LAUNCHING THE THIRD WAVE

MEMO FROM DAVOS, FEBRUARY 2012

BRIEFING

Will Straw February 2012 © IPPR 2012

Institute for Public Policy Research

ABOUT THE AUTHOR
Will Straw is associate director for globalisation and climate change at IPPR.

ABOUT IPPR
IPPR, the Institute for Public Policy Research, is the UK’s leading progressive thinktank. We produce rigorous research and innovative policy ideas for a fair, democratic and sustainable world. We are open and independent in how we work, and with offices in London and the North of England, IPPR spans a full range of local and national policy debates. Our international partnerships extend IPPR’s influence and reputation across the world. IPPR 4th Floor 14 Buckingham Street London WC2N 6DF T: +44 (0)20 7470 6100 E: info@ippr.org www.ippr.org Registered charity no. 800065 This paper was first published in February 2012. © 2012 The contents and opinions expressed in this paper are those of the author(s) only.

IDEAS to CHANGE LIVES

MEMO FROM DAVOS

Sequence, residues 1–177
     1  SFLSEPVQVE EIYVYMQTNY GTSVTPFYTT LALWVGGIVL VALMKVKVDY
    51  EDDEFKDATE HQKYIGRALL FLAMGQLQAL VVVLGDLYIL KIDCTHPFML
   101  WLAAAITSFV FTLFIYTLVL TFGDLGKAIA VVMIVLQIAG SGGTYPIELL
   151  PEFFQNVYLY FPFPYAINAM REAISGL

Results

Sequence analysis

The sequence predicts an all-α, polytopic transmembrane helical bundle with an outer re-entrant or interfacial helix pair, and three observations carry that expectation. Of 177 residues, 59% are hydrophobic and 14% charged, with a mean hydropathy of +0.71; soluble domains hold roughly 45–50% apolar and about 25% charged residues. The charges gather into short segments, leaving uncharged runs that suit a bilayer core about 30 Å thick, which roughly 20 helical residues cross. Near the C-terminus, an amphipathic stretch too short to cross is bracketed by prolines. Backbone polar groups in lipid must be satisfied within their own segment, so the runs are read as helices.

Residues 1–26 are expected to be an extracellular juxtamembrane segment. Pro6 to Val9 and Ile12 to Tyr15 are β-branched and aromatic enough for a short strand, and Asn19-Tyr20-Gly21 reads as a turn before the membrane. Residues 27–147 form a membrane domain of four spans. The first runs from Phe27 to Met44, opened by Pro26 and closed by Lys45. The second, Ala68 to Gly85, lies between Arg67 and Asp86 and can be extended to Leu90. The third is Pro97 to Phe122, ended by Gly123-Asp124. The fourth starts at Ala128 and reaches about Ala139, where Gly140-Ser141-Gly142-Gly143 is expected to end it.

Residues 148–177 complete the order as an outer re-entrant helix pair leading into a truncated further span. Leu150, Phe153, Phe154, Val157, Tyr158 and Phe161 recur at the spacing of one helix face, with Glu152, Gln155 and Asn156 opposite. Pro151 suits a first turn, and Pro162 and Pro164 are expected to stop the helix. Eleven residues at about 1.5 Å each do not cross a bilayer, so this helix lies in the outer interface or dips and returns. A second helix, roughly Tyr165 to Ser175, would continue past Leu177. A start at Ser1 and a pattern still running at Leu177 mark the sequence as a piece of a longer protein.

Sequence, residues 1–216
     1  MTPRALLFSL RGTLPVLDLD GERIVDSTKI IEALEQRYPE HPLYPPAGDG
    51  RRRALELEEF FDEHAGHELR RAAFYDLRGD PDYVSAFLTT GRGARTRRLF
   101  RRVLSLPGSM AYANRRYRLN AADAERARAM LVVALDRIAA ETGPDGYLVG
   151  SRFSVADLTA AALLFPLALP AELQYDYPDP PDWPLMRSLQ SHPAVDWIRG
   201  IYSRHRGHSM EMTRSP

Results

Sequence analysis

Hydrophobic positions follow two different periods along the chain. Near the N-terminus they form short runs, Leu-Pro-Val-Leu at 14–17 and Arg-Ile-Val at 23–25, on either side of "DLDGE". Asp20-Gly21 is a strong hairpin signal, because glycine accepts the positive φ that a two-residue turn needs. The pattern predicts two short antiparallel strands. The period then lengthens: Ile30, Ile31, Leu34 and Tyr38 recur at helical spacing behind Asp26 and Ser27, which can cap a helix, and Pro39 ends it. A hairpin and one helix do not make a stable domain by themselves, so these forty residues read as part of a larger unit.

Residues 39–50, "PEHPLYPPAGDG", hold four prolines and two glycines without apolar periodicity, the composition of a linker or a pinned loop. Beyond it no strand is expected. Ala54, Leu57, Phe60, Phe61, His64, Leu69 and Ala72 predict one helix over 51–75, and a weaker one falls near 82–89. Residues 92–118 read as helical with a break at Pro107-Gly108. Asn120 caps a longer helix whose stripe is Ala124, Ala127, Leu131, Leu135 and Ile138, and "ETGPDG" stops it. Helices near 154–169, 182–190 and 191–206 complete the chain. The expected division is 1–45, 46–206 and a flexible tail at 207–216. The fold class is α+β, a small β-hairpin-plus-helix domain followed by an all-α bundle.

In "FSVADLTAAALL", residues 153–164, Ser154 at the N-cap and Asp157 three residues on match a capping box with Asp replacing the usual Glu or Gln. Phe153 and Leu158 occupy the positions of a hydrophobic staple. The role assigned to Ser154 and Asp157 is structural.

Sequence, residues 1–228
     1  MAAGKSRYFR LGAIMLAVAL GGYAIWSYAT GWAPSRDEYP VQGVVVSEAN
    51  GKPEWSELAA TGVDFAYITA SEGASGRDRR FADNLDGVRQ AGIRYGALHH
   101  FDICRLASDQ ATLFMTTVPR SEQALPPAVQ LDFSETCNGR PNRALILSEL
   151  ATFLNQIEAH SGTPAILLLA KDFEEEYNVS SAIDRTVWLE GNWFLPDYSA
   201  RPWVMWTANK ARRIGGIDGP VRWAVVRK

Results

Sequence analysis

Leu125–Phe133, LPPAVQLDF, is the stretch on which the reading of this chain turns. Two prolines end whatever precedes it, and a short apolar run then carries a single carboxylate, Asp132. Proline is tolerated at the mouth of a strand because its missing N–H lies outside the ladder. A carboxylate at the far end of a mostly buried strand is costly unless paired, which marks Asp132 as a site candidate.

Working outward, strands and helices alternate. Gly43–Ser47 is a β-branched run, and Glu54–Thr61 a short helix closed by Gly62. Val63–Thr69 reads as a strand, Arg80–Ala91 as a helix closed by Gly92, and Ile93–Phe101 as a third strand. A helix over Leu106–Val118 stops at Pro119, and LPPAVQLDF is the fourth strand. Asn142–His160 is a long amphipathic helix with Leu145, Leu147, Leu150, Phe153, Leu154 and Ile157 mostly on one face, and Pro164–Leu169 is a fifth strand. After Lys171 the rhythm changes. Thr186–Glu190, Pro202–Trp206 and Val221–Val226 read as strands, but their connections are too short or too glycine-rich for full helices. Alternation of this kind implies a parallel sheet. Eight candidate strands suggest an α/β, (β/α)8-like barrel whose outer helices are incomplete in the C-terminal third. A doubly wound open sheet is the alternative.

The need for new rules and structures to manage globalisation was the key argument to emanate from a high-level breakfast discussion that took place in Davos to mark the launch of IPPR’s new report, The third wave of globalisation.1 Former EU trade commissioner and UK business secretary Lord Mandelson, who led IPPR’s research project, started the discussion by outlining why progressives and those on the centre-left needed to avoid the insular, protectionist and anti-business policies that have reared their heads in the US and French election campaigns this year. He warned that moving down this route was a policy cul-de-sac and that policymakers should instead turn to smart policies that resulted in fairer outcomes from globalisation. Globalisation, in turn, should be seen as a means rather than an end in itself. At the international level, Lord Mandelson accepted that the era of global rules emanating from the Atlantic was over but that it was therefore essential to determine ‘new rules rather than no rules’. The other attendees spoke under the Chatham House rule. The first judged that the report had hit the nail on the head in defining the issues, but urged for the policy approach to go further than the report’s focus on the national and global by arguing for a regional response as well. She described the rapid opening-up Barclays Capital hosted a breakfast roundtable event for the launch of IPPR’s report The third wave of globalisation in countries such as hers in the early 1990s which had not been as positive as was initially hoped, with the influx of cheap goods from China becoming a major concern (as, indeed, it is in many other countries). She picked up on the report’s recommendation for greater provision of social protection policies and outlined how the Asian financial crisis of 1998 had been a catalyst for these policies in her own country. The next stage, she said, involved updated IT systems allowing the government to make better judgments about coverage and implementation than ever before. But, she argued, providing social protection policies is easier in developing countries than in developed countries, where those who lose their jobs need to be retrained as well as being supported in unemployment. In relation to future trade agreements, she was not optimistic about Doha but was involved in developing regional free-trade agreements on the basis of three pillars: liberalisation, facilitation and capacity-building. Another speaker eloquently picked up IPPR’s idea of the ‘third wave’ – he contended that the old, American-led ‘cathedral’ was crumbling and that hopes of shoring it up were misguided. Instead, new, more stable structures at the regional level were needed.